Patients in India who had received faulty hip implants from Johnson&Johnson subsidiary on Monday complained to the Union health ministry about what they say is lack of transparency and dialogue in the process of determining their compensation amounts.
A group of patients or family members of patients who had received the hip implants recalled by the company in August 2010 has said it has “concerns” over whether the government-initiated process to compensate them will be “fair, just, equitable and reasonable”.
In a letter sent to health minister Jagat Prakash Nadda, the patients and family members have complained that they have not been consulted “even a single time” in the ongoing process of determining the compensation amounts.
The health ministry had last month asked a panel of four doctors and a lawyer to determine compensation amounts that Johnson&Johnson should pay patients in India who had received the faulty implants.
Around 4,700 patients across India had received the hip implants between July 2004 and August 2010 when the company withdrew the devices worldwide amid growing evidence that they were associated with an unacceptably high need for repeat, or revision, surgeries.
The health ministry had also asked states to establish state-level panels to examine case-by-case applications from affected patients and determine the compensation amounts, depending on the degree of suffering of each patient.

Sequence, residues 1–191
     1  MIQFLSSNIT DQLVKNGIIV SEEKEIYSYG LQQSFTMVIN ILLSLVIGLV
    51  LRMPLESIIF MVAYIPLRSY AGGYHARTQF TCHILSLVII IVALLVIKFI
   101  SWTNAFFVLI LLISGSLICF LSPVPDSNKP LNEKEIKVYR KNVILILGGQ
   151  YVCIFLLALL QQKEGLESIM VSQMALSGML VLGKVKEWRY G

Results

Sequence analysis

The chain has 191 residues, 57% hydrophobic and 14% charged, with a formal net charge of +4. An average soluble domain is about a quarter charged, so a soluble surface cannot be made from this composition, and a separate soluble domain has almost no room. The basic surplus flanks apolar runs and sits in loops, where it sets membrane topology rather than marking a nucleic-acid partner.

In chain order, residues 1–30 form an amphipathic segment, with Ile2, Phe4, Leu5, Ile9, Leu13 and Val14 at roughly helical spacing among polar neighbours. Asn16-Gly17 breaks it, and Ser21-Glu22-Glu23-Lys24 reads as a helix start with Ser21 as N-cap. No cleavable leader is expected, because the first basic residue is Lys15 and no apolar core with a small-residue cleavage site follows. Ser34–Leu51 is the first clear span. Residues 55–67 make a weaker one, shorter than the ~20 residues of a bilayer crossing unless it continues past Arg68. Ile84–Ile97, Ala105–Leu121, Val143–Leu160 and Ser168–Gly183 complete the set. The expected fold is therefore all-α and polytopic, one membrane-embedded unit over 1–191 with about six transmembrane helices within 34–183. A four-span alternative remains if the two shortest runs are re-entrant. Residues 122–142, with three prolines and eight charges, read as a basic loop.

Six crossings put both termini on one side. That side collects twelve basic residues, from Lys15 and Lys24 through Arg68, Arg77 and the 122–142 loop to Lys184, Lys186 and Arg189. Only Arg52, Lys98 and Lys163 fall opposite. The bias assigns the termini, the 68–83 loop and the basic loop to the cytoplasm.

The patients and their representatives, in the letter to Nadda, have said there is lack of clarity over which cases will be considered appropriate for compensation and whether compensation will take into account multiple harms such as mental and physical pain, suffering and trauma.
The letter from the patients and family members has said there is no clarity on how the panel asked to determine compensation is functioning.
A health ministry panel had earlier this year recommended a “base amount” compensation of Rs 20 lakh and the exact amount to be determined on the basis of the suffering experienced by each patient.
But sections of patients in India who had undergone revision surgery after receiving the recalled implants have said Rs 20 lakh compensation is not sufficient, citing higher compensation amounts in other countries.
The company had between 2013 and 2015 settled more than 9,000 lawsuits over the implants for $4.4 billion, according to a report from Drugwatch, a US-based website on medicines and devices.